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Written by Hank Tolman - Edited by Olin Coles   
Thursday, 04 November 2010
Table of Contents: Page Index
PowerColor Radeon HD 5770 PCS+ Video Card
Closer Look: PowerColor Radeon HD 5770
AX5770 1GBD5-PPGV2 Detailed Features
PowerColor Radeon HD 5770 Features
Video Card Testing Methodology
DX10: 3DMark Vantage
DX10: Street Fighter IV
Far Cry 2 Benchmarks
Resident Evil 5 Benchmarks
DX11: Aliens vs Predator
DX11: Battlefield Bad Company 2
DX11: Lost Planet 2
DX11: Unigine Heaven 2.2
Overclocking the Radeon HD 5770
PowerColor AX5770 PCS Temperatures
VGA Power Consumption
PowerColor AX5770 PCS Final Thoughts
AX5770 1GBD5-PPGV2 Conclusion

Overclocking the Radeon HD 5770

It took a long time for video cards to really enter into the overclocking world. Sure, you could overclock your GPU, but it took a lot of work. Then one day 3rd party software groups started releasing software utilities specifically for overclocking your video card. At first, many of these utilities were pretty ugly and difficult to use themselves. Soon after, video card manufacturers themselves joined the fray and started releasing their own overclocking software. Now many hardware manufacturers have released a utility and they are much easier to use and look a lot better. In fact, both ATI and NVIDIA have even released their own versions of overclock utilities that are available with their complete driver packages.

PC_AX5770_PPG_GPU_Z.jpg

With the AX5770 PCS+, PowerColor overclocked the card before even sending it to the shelves. In reality, this is a testament to the durability of the Radeon HD 5770 and the Juniper core. Now, it's my personal belief that if the manufacturer can overclock a video card, even slightly, there has to be more headroom in there for me to play around with.

PowerColor doesn't offer its own overclocking utility, so I decided to stick with ATI Overdrive. There are other options out there, like ASUS iTracker, Systool, and Riva-Tuner, but for this article the ATI utility fits our needs best. The Overdrive utility lets you overclock the GPU core, the memory, and it lets you manually adjust the fan speed. Just to be safe, I cranked the fan speed up to 100%. This caused the fan on the AX5770 PCS+ to be considerably louder in our open air test bed. You would likely hear the fan pretty well even housed within a case. The maximum overclock that the ATI Overdrive utility will allow for the AX5770 PCS+ is 960MHz for the core clock and 1400MHz for the memory clock. As for now, there is no way to increase the voltage through Overdrive.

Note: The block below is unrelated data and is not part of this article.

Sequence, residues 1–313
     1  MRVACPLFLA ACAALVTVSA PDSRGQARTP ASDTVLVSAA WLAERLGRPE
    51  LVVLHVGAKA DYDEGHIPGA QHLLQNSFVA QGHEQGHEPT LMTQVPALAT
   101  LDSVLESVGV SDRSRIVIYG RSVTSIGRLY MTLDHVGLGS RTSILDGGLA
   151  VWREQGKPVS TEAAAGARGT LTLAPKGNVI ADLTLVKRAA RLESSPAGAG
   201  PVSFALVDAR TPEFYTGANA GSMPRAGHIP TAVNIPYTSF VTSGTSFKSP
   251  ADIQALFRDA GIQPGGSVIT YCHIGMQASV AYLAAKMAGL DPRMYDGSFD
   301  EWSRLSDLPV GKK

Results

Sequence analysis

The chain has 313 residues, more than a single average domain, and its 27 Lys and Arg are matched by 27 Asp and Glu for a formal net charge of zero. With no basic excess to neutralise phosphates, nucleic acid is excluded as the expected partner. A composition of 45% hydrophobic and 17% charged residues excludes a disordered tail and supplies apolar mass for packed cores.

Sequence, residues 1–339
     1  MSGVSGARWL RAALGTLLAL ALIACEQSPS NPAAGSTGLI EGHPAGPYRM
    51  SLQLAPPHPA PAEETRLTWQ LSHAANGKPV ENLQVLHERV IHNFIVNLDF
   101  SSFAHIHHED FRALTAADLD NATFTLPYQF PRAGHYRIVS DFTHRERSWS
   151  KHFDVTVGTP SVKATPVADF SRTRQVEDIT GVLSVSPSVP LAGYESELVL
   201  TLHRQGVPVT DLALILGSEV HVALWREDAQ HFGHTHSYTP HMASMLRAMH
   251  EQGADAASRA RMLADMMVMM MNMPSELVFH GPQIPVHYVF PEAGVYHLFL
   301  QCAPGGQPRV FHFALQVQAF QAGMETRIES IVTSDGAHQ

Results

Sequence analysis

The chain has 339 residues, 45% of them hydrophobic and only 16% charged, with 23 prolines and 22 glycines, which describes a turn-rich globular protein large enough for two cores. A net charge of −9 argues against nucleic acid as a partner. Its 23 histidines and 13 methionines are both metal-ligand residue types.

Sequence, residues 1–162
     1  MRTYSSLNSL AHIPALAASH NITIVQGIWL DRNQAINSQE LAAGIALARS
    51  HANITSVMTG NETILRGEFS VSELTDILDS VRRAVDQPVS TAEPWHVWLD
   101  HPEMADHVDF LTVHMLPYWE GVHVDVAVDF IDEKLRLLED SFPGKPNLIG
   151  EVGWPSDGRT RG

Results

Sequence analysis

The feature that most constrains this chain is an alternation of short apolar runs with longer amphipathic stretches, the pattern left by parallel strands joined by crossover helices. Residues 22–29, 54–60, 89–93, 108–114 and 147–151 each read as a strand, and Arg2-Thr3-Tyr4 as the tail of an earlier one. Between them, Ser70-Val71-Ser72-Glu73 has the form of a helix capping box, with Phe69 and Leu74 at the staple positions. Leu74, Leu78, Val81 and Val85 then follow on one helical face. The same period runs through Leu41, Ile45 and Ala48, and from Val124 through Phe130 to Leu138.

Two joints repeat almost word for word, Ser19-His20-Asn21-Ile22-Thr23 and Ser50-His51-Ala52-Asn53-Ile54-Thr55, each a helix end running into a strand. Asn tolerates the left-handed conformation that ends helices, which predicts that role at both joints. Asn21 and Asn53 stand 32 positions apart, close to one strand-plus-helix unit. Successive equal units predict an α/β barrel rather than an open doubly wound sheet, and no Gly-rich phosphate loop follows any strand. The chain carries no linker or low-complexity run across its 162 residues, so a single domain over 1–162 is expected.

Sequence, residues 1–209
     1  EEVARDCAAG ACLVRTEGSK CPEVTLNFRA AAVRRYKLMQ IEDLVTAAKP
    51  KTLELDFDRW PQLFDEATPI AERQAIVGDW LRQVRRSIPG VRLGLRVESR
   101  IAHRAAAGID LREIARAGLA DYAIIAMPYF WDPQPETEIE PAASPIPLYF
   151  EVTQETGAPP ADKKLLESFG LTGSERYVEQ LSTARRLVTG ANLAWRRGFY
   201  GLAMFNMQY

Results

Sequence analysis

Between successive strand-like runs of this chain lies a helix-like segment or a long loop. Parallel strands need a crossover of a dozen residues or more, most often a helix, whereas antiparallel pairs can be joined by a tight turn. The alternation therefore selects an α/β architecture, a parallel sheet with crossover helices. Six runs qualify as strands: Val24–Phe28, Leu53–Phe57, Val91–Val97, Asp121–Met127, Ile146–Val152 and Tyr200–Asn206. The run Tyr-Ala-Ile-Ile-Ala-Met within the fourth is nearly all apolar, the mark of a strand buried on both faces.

PC_AX5770_PPG_Overdrive.jpg

The Samsung memory modules that are found on the AX5770 PCS+ are rated at 1250MHz. On stock Radeon HD 5770 cards, they are set to 1200MHz. On the pre-overclocked AX5770 PCS+, they are set to 1225MHz. Without wanting to overdo it on the memory, I set the memory to its rated 1250MHz. My real goal here is to overclock the GPU, the memory is just a bonus.

I wanted to push the AX5770, but not overdo it right from the start, so I moved the GPU clock slider up to 900MHz to begin with. The ATI Overdrive utility has a function to test the overclock right there within the utility. Be warned, however, that the video card might pass the test in Overdrive, but still not be stable enough for some high video content. I also used to test overclocked video cards for stability using FurMark's stress test for a few hours. In the past, this was enough to weed out any instability. Unfortunately, FurMark lacks DX11 capabilities and the tessellation and other DX11 features are much more taxing on a GPU. For the time being, I am running the Unigine Heaven Benchmark at full throttle to ensure GPU stability.

PC_AX5770_PPG_GPU_Z_OC.jpg

At 900MHz, the PowerColor AX5770 PCS+ was rock solid, but I knew I could push it more. There was still some headroom left. In the end, 920MHz was the highest overclock we were able to achieve for the PowerColor Radeon HD 5770 PPG. This overclock represents just over an 8% increase in clock speed from a stock 850MHz Radeon HD 5770 and about a 5% increase over the already overclocked 875MHz AX5770 PCS+. While I would have liked to see a little more headroom, every video card is different. Even if you were to go out and get a PowerColor Radeon HD 5770 AX5770 PCS+ today, you would experience a different overclock-ability in it. So, you get what you get, and in reality, 920MHz isn't bad at all. Let's get into the testing now, and see how it affected our results.



 

Comments 

 
# RE: PowerColor Radeon AX5770 1GBD5-PPGAthlonite 2010-11-04 06:23
That is a great little card and you can make it greater by pairing it with another to get just on 5870 speeds and some better visual quality settings for less money than one HD5870
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